Lifestyle

What Millennials Really Want From A Workplace

Written in collaboration with Free Office Finder.

This year, I considered moving to a new place of work. After four years of teaching English in a secondary school, my career had stagnated, whereas almost all the fellow teachers I’d trained with were landing promotions. Quite frankly, I was fed up and dabbled in the idea of opening my own tuition centre from scratch, but had no idea how to start. In search of a promotion, I visited a local school with not one, but two potential job openings. Both were offering a substantial pay rise. Truthfully, it was a brilliant opportunity for my future but something wasn’t right.

Research by online office agency www.freeofficefinder.com, showed that millennials like me are more concerned with the comfort of their office environment than other generations before us. A huge 33% of millennials surveyed put more focus on their environment, and honestly, I’m not shocked. We employees between the ages of 23 and 38 know that despite our futile attempts to stop it, our workplace becomes an extension of our home. In comparison to previous generations, we likely spend more of our waking life in our office than our lounge so why should we not expect some element of comfort and luxury from our workplace?

Photo by CoWomen from Pexels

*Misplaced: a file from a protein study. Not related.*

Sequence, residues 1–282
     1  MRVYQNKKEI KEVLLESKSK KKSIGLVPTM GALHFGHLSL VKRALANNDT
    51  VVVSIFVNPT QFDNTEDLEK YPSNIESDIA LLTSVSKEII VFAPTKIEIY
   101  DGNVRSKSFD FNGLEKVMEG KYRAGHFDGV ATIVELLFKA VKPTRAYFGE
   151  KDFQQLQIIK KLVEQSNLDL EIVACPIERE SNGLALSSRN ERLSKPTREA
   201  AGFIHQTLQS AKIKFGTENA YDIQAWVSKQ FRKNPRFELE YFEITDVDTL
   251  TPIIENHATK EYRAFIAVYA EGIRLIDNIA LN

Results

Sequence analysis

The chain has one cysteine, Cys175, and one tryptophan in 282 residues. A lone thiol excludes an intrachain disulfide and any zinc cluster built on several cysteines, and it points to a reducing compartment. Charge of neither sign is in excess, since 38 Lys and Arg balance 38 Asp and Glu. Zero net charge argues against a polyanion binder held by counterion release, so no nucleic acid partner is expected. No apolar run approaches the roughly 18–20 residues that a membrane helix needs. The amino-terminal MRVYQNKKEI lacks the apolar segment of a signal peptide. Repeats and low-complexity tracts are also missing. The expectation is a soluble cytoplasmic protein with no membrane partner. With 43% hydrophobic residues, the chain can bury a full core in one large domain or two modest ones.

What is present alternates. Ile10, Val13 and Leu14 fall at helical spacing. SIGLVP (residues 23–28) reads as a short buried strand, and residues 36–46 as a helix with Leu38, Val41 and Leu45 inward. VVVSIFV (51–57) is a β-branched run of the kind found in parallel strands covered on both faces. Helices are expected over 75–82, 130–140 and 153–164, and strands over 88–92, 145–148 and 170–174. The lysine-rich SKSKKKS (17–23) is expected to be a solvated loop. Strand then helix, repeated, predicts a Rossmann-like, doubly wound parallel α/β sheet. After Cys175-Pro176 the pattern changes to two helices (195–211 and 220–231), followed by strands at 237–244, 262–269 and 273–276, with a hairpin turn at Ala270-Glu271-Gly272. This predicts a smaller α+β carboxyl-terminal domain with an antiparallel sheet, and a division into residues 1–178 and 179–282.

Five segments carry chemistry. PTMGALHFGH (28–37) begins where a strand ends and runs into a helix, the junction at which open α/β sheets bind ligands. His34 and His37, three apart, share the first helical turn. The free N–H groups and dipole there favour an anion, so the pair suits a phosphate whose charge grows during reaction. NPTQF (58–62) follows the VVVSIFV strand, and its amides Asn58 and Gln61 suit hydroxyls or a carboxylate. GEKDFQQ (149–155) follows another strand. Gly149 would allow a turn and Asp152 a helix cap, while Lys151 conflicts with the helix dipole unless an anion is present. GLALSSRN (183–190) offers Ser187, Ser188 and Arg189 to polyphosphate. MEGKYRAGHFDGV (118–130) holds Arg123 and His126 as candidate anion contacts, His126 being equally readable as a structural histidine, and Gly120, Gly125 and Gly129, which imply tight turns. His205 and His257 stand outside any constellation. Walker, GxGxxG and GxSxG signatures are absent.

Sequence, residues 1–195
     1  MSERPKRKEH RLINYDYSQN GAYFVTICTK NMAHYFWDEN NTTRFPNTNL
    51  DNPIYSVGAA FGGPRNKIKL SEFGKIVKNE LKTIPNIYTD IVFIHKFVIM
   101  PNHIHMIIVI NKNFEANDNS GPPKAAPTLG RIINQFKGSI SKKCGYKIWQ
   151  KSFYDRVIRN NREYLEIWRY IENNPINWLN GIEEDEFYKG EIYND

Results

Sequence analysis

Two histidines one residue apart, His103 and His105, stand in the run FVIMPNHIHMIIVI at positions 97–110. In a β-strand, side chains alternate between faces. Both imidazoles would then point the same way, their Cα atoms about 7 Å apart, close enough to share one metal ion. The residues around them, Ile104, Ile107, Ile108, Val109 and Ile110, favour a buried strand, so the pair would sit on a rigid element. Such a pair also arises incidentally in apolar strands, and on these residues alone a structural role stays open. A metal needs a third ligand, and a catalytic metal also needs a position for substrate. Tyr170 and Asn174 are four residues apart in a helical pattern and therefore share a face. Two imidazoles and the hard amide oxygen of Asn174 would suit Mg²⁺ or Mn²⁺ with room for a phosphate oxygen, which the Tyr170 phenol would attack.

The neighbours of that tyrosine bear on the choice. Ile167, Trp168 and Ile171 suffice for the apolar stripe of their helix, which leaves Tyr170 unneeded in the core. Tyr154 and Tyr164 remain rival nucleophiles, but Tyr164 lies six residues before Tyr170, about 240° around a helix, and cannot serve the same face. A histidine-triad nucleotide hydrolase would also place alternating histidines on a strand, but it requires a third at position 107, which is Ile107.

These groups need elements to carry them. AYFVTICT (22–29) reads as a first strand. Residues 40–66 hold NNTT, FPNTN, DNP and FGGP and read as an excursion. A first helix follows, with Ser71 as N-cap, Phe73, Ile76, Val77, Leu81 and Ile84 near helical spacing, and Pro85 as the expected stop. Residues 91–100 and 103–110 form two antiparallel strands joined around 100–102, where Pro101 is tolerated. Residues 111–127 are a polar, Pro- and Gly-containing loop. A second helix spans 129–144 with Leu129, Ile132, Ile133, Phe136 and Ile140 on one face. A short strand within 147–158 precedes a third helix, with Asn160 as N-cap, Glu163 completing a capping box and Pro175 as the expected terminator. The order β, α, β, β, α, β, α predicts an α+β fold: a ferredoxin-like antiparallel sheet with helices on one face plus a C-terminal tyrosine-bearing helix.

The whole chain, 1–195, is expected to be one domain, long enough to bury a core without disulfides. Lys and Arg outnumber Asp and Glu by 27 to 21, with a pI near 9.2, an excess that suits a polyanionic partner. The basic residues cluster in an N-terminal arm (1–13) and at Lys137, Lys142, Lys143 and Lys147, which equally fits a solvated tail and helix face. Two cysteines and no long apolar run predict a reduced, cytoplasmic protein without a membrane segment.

I quickly realised that that was what the school was missing. If I were to apply for those jobs, I would be moving to a workplace with a dingy cupboard for an office, no desktop computer in my classroom, and no communal lunches. I would be leaving behind a large, airy office space with computers, a dining table and kitchen. A space designated for English staff alone. I’d be leaving behind the classroom I had lovingly decorated. It was a place I had made my own after three years. I realised that sometimes, the grass is greener where you are.

I couldn’t bring myself to leave.

As this decade comes to an end, we millennials are the driving force of business, building empires from almost nothing. We are the entrepreneurs, innovators, developers, who spend hours, sometimes well in to the night, on projects and presentations; we just can’t work in a space that’s uninspiring. We look for open plan, naturally lit environments; we like fresh flowers and tasteful decor; we want clean, functional facilities; we need adequate transport links and parking spaces. Of course, gym access and an office puppy would be happily accepted too.

You see, these preferences aren’t limited to the day job. At home, when I’m blogging and travel writing, or planning lessons and marking books, I go to my very own office space. Although it’s the smallest room in the house, its walls are powder blue, and decorated with a large DIY pin map of the UK. I opted for crisp white furniture: desk, bookcase, drawers. It’s also the home to a couple of house plants and scented candles. Yes, I spent hours perfecting it, and it’s my favourite room in the house; my place for inspiration.

Photo by CoWomen from Pexels

Indeed, salary, benefits, and flexibility are essentials for a positive work atmosphere, but we cannot overlook the importance of our office environment for our mental health. Food, water, warmth, shelter and a sense of safety are humans’ basic needs; without them, we are unlikely to truly feel as though we belong in the office, or anywhere. Millennials are constantly criticised for being ‘snowflakes’, for having unreasonably high expectations, for being entitled, but we’re not. We are a generation of people who know we don’t have to sit in a brown, cigarette stained cubicle our whole lives, who know we deserve better as employees.